News & Media

Beauty of 2013 Dodge Charger more than just skin deep

March 14, 2012, Mark Aumann,

Unique design characteristics match styling of the Dodge production model

LAS VEGAS -- Taking the car cover off the 2013 Dodge Charger Cup prototype at Sunday's unveiling was probably the easiest thing Howard Comstock and Mark Trostle have done in 18 months.

When you've been given the task of trying to design a race car that matches the styling of the production model -- within the constraints of NASCAR's current tubular frame and suspension -- you can take a little pride in your handiwork.

Charging forward?

Dodge is excited about its 2013 Charger design, but still must find someone to drive it.

It took more than 2,500 emails, 600 drawings and as Comstock put it, "a lot of locked doors and blacked-out windows, and sneaking around in the middle of the night," to create a car that not only met NASCAR's specifications, was amenable to the other three manufacturers and won the applause of Chrysler's top brass.

In mid-2010, Comstock, manager of engineering for Chrysler Group's Street and Racing Technology Motorsports division, and Trostle, head of SRT Motorsports design, were handed a project that seemed almost impossible: take the existing NASCAR chassis and put some pizzazz back into it.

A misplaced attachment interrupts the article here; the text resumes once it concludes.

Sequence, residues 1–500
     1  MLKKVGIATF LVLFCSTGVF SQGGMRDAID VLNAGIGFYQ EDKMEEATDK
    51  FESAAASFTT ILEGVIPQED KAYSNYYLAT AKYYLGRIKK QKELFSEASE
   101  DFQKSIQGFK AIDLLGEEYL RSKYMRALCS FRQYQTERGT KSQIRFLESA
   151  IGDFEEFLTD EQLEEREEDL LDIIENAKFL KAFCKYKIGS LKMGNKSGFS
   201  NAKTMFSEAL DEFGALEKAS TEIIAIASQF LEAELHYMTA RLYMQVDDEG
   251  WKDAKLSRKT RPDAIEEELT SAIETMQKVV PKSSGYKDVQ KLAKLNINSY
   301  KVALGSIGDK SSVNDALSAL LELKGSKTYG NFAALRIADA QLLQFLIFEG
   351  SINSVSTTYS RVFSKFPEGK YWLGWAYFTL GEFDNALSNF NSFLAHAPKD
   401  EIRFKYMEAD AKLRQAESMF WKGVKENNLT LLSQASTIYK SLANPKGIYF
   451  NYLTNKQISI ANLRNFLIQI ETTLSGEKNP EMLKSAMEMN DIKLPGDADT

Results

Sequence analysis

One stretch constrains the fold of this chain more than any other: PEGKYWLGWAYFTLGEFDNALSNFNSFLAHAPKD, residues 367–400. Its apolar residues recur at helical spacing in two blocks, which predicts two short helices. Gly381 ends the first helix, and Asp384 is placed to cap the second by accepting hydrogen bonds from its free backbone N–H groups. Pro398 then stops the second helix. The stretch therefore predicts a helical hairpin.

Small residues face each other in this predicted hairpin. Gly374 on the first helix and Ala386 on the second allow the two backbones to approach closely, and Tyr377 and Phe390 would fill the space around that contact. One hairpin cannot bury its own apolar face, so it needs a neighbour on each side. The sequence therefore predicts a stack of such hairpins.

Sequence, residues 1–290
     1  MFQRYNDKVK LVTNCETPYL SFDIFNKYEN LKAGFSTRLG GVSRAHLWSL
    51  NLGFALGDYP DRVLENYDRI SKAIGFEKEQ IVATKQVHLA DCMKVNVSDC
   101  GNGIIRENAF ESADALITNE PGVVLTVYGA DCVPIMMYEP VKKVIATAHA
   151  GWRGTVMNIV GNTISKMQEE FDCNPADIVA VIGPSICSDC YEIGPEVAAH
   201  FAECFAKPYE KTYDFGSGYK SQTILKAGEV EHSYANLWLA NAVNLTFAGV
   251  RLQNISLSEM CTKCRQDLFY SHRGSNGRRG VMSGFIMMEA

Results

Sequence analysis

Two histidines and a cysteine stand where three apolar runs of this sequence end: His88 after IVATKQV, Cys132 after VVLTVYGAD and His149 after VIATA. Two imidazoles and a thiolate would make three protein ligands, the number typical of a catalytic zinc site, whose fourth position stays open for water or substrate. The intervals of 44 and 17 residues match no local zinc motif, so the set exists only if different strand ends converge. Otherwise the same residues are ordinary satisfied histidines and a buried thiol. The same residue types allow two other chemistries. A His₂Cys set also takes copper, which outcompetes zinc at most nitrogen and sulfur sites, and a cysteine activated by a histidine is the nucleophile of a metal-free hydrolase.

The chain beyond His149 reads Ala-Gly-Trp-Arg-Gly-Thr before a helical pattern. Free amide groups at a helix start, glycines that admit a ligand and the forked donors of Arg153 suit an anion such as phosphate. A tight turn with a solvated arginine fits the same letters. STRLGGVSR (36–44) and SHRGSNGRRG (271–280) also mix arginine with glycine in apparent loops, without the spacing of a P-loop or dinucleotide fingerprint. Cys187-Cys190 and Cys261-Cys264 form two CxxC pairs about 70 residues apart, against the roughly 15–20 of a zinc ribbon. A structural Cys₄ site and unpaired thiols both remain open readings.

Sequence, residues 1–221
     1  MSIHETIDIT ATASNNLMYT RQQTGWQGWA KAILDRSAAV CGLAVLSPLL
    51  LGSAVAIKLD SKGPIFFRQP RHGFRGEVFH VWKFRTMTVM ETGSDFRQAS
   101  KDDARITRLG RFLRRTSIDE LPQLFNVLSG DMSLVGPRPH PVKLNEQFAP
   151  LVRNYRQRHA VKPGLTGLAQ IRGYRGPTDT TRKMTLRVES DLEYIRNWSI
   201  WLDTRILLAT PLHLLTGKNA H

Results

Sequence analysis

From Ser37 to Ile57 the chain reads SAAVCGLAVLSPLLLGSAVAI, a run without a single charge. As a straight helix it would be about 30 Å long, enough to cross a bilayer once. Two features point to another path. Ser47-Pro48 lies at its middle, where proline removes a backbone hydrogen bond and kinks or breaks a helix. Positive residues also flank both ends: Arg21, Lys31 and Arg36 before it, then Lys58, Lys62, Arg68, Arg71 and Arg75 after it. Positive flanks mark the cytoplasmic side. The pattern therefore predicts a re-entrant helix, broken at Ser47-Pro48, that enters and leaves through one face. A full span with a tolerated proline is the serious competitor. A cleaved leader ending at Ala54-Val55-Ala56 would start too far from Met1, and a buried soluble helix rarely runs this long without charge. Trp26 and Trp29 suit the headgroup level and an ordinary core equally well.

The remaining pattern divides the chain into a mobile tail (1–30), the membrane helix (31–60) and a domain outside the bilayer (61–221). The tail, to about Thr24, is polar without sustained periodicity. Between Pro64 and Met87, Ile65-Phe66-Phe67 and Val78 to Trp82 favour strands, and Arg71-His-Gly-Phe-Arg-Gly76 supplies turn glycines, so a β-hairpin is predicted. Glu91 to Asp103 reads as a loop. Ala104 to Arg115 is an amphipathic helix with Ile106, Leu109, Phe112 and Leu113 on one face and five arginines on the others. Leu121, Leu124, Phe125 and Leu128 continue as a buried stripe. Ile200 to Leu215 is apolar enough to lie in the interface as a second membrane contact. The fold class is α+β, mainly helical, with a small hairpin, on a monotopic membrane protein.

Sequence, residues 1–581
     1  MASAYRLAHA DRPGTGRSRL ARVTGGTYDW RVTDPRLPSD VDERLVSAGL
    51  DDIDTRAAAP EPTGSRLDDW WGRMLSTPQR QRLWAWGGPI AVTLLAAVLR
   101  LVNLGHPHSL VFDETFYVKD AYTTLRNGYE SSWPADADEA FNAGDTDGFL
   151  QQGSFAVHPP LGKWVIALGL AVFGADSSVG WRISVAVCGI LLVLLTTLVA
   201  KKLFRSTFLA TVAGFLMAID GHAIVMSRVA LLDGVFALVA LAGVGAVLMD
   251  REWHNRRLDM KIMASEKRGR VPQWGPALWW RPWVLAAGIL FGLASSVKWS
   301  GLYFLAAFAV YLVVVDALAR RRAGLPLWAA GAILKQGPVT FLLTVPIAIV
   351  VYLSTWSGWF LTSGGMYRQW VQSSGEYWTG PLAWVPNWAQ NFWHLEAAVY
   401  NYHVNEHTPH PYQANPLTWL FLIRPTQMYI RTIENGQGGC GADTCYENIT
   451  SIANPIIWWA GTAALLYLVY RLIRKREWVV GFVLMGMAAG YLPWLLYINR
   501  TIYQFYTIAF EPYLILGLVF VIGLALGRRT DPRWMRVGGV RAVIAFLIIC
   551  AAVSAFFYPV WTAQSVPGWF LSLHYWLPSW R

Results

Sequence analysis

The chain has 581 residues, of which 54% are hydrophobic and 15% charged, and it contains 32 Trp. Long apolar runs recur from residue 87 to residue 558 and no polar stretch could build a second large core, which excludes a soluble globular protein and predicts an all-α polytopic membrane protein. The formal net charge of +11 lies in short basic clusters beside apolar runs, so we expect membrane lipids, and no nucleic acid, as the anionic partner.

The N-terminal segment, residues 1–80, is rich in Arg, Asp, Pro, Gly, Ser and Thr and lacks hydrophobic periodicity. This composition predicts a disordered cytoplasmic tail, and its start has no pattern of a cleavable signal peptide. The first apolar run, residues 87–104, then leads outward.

"The original 'car of tomorrow' design is seven years old, and it's quite frankly, outdated," Comstock said. "The fans said they wanted a car that looks like a car, and we took all of those cues and said, 'We understand, so let's get to work.' And it was a lot of work."

NASCAR's "car of tomorrow" project was first and foremost about safety, not style -- following the deaths of Adam Petty, Kenny Irwin and Dale Earnhardt. The cars, which made their debut in 2007, were larger and boxier, with a generic look. And somewhere along the way, the connection between "race on Sunday, sell on Monday" was misplaced.

What the folks at SRT Motorsports -- along with their counterparts at Ford, Chevrolet and Toyota -- wanted was a chance to do more than add a few decals. They wanted to not only showcase the unique design characteristics of their respective brands but go one step further: make the cars look more like a street car.

And that took some serious designing, according to Trostle.

"When I got involved in this, my biggest input was I wanted to change the proportions of the vehicles," Trostle said. "Road cars have evolved over the years and they look a certain way, how the roof is -- what we call the greenhouse -- and how long the deck lid is. That was the big move we had to make right away.

"We shortened the deck a little bit and the front end actually grew a little bit. But it gave it that rear-wheel drive proportion. So that was the big part of it. Once we had the proportion, we started putting in the design identity from the road car."

For the 2013 Charger, that meant moving the base of the front windshield almost 5 inches forward, to give it more of a natural, modern slope -- and allowed designers to round the roofline and contour the rear window pillars.